In a previous article, we discussed warning letters, and in this article, we will be looking into what exactly goes into the enforcement process of the FTC. The Federal Trade Commission (FTC) is the regulatory agency responsible for policing U.S. advertising and marketing. They are responsible for regulating advertising, labeling, and packaging practices in a wide range of industries — including food, drugs, alcohol, and cosmetics — to ensure your health, safety, and economic well-being.
The FTC has a strict enforcement process that begins with a complaint being filed and ends with court action if necessary. The FTC receives thousands of complaints annually, and the agency received 2.68 million complaints in 2017 according to the FTC's annual summary of complaints. If you are accused of false advertising, you must comply with the FTC’s cease-and-desist order. Once the FTC has determined that you have violated its cease and desist orders, you may be subjected to fines, penalties, injunctions and/or an order forcing you to make full restitution to all affected consumers. Although the FTC doesn’t typically disclose why an investigation began on a company, a complaint may be enough probable cause to launch an investigation. Particularly if the complaint includes one of the following circumstances:
The complaint is connected to one of the FTC's areas of emphasis
The complaint pertains to alleged unfair or deceptive acts and practices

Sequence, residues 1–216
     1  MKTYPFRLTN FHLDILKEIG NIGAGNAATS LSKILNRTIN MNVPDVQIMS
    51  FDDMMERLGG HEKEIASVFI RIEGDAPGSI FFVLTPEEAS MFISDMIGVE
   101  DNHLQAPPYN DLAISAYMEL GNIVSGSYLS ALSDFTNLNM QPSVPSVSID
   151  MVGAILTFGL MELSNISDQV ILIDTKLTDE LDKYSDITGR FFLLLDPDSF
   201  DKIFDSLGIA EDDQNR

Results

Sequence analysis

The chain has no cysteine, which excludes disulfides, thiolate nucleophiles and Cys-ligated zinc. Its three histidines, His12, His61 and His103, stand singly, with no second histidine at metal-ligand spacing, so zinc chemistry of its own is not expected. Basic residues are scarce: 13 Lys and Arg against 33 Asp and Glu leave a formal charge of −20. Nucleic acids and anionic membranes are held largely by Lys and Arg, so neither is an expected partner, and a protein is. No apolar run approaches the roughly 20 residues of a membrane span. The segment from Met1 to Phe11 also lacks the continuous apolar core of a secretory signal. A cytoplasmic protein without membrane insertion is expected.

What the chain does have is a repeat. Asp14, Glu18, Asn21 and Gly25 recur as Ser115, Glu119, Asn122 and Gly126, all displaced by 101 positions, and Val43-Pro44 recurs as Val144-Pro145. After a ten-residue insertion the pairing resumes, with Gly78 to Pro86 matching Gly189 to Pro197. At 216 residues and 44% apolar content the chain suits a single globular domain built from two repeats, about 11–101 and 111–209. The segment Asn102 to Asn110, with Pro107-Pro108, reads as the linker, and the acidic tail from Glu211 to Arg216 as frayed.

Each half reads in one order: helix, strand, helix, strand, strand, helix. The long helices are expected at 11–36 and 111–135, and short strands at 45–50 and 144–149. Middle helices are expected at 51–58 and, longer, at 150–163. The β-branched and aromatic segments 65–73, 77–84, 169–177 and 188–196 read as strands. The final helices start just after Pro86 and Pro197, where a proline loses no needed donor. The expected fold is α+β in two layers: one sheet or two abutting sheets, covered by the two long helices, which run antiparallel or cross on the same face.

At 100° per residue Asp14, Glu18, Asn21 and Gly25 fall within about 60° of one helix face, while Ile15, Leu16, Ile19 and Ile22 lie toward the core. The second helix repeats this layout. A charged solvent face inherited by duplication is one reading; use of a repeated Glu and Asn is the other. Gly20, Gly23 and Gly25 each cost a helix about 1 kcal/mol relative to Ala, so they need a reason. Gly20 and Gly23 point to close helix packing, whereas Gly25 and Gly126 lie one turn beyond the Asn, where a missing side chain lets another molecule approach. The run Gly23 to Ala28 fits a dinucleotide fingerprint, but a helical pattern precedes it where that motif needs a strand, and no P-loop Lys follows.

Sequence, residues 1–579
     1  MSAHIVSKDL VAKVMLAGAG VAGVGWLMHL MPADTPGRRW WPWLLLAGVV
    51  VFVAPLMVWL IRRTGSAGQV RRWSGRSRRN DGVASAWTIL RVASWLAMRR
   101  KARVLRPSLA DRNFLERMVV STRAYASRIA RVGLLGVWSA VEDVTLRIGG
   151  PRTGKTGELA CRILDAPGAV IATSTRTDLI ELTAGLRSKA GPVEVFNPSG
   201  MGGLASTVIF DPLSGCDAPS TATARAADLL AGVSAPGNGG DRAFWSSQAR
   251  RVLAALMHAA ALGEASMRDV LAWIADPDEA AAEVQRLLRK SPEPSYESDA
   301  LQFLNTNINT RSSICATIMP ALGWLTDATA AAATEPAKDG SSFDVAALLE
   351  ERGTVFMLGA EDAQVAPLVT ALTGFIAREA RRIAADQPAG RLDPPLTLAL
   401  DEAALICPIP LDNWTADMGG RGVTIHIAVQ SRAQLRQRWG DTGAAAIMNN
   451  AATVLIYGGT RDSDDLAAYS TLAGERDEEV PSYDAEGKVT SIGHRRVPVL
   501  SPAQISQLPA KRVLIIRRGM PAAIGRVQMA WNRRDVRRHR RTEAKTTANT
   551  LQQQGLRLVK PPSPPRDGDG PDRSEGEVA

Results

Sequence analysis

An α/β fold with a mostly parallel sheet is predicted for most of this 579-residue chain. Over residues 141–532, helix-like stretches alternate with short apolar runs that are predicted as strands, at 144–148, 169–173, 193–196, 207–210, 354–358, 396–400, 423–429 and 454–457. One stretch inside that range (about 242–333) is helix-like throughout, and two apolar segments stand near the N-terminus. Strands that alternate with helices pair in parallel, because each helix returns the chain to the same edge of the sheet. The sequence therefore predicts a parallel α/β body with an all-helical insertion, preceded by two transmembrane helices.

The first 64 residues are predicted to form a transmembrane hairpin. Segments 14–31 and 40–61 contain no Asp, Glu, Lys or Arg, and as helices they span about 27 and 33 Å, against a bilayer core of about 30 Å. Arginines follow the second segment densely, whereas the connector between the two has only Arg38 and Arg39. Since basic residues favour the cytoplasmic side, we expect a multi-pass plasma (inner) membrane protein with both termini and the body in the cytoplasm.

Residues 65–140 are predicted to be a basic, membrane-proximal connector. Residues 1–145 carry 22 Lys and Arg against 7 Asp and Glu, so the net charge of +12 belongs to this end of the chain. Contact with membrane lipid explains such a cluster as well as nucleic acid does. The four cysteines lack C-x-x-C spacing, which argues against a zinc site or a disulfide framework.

The complaint is otherwise newsworthy; or
A consumer advocacy group or standards-setting group gets involved.
For example, in May of 2022, the FTC acted to shut down 'The Credit Game' for running an untruthful credit repair scheme. In a complaint filed against The Credit Game, the FTC claimed that the company has illegally charged consumers egregious amounts of money in order to have access to credit repair. They also advised consumers to “invest” their COVID-19 governmental benefits in their unlawful services. The company’s “services” offered to consumers included filing false identity theft reports with the FTC and encouraging consumers to take actions that were unlawful. On May 3, 2022, a temporary restraining order was issued that would halt the company's illegal activity, appoint a receiver, and freeze the defendants’ assets.
According to the FTC’s complaint, the defendants claim to have brought in more than $15 million in business through their operations. "The Commission vote authorizing the staff to file the complaint and request for the temporary restraining order was 4-0" and the company ceased all operations. To read the full report provided by the FTC, click here.
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